On a 4-1 vote Tuesday, the Del Norte County Board of Supervisors approved retail cannabis and cannabis manufacturing ordinances and lifted the ban on commercial cannabis that has been in place since March.
Supervisor Roger Gitlin, who opposed legalizing commercial and retail cannabis in the county, said it should be no surprise that he planned to vote no on the ban repeal and ordinances.
Gitlin said it seemed statistics showing increased incidents of driving under the influence of cannabis were being ignored. Gitlin said he was concerned about the limited amount of county income commercial cannabis would bring because the direction is the county will start small with commercial cannabis.
Prior to the vote, Gitlin cautioned other supervisors that should commercial cannabis be approved, the action would change the county forever.
“I pray that I am wrong,” he said.
Supervisor Bob Berkowitz said he has also opposed the legalization of cannabis in the county and noted published reports that more minors are using it. However, he said when it comes to his job as a supervisor, the views of his voting constituents took priority over his own. He said while it pains him to go against those county residents who oppose it, he felt it his duty to express the will of the majority who voted for the legalization, regulation and taxation of commercial cannabis in Del Norte County.
Resident Liz Freeman, a resident who has opposed commercial cannabis, pleaded with the board to uphold the ban. While some believe it will bring revenue to the county, Freeman said, commercialization will benefit only a few people. She addressed Berkowitz directly, saying if he votes to lift the ban, he will no longer represent her.
Working group member Erik Enther said ordinances have been crafted in a way that they fit Del Norte County now. He said countless county staff hours went into vetting and refining the ideas of the working group. He said he is hopeful that the ordinances set guidelines for people to operate cannabis businesses in Del Norte County.
Robert Derego, a member of the working group, said while ordinances have taken a long time to reach, the process is going faster than other counties. He said while he did not vote for Measure B, 63 percent of county voters did. Derego called the results “telling.”
Jesse Davis, vice chair of the working group, noted it’s been two years since Prop 64 passed, saying the ordinances are a good starting point to local regulation. Admitting he was anxious about the vote, Davis said he looks forward to creating an inviting business environment in the county for commercial cannabis.
Aaron Skroback urged the board to live up to its promise the ban would be repealed and ordinances enacted by December.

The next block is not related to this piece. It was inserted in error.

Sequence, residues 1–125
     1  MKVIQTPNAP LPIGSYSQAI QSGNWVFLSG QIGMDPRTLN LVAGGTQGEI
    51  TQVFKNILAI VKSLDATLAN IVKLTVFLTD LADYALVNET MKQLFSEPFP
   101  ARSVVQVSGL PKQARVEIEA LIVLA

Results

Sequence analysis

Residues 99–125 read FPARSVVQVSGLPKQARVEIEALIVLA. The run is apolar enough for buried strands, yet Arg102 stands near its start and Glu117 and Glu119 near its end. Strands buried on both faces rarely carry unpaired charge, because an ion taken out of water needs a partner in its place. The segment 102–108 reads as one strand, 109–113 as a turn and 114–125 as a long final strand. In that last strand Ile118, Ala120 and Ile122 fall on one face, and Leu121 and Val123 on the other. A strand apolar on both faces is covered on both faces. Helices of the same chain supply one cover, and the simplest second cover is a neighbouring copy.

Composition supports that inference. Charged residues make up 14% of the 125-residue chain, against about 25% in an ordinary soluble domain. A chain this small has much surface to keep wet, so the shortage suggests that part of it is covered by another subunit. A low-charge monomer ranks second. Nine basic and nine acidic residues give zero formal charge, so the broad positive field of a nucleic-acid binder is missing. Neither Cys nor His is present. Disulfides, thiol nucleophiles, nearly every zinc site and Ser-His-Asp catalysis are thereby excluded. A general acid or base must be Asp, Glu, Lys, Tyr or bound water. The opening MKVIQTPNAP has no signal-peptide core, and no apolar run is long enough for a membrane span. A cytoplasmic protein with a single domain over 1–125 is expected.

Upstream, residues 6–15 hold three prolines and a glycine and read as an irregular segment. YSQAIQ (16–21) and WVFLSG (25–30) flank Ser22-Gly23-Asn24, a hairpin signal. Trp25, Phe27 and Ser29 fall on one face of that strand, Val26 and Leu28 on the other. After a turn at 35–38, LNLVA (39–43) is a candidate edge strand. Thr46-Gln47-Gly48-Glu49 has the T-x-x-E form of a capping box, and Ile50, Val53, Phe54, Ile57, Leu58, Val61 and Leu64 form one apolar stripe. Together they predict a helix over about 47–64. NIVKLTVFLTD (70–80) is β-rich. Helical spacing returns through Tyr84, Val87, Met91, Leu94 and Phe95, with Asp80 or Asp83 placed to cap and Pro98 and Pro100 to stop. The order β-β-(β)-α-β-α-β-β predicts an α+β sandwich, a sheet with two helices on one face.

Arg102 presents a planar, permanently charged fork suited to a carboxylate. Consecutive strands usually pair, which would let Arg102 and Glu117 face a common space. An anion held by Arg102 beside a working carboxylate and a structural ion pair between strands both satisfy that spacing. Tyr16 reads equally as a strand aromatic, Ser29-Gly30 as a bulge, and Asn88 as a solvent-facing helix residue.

Chair Chris Howard thanked the working group for their time and effort, agreeing the ordinances are the best fit for Del Norte County specifically.
The board approved the ordinances regulating commercial cannabis specific to retail and manufacturing activity outside the Coastal Zone, an ordinance establishing regulations for commercial cannabis retail and manufacturing activity within the Coastal Zone, and an ordinance amending the prohibition of commercial cannabis activity.
The next action by the board was to introduce an ordinance establishing regulations for cultivation in and out of the coastal zone, setting a public hearing and directing county counsel to prepare a summary for publication.
County Counsel Joel Campbell-Blair said the cultivation ordinance applies specifically to indoor cultivation on agricultural and manufacturing lands.
Using a series of maps, Campbell-Blair explained proposed locations around the county where cultivation would be allowed, along with retail and manufacturing locations.
Indoor cultivation would occur inside a county-permitted, closed structure using artificial light and odor filtration devices.
Regarding concerns about fencing and security systems, Campbell-Blair explained the ordinance requires that construction blend somewhat to its surroundings, using trees, bushes, and other objects.
He explained a use permit will be “a negotiated agreement between the community and the operator,” meaning applicants will have to show the county planning commission they can meet the standard of hiding, disguising or minimizing indicators of cannabis cultivation, so they are not readily apparent to the casual observer viewing it from a public space. Campbell-Blair said it will be up to the community and county planning commission whether applicants meet the standard.
“This will ensure that if you want to cultivate cannabis, you will go to your neighbors first,” he said, adding neighbors can then negotiate conditions and setbacks that can be shown to the Planning Commission. However, with commissioners typically voting 3-2 against cannabis-related issues, Campbell-Blair said applicants will have to “do a lot of homework.”
Howard said the ordinances represent baby steps necessary to get it right. The board voted 4-1 to introduce the ordinances. The public hearing will take place at the next meeting on Dec. 11.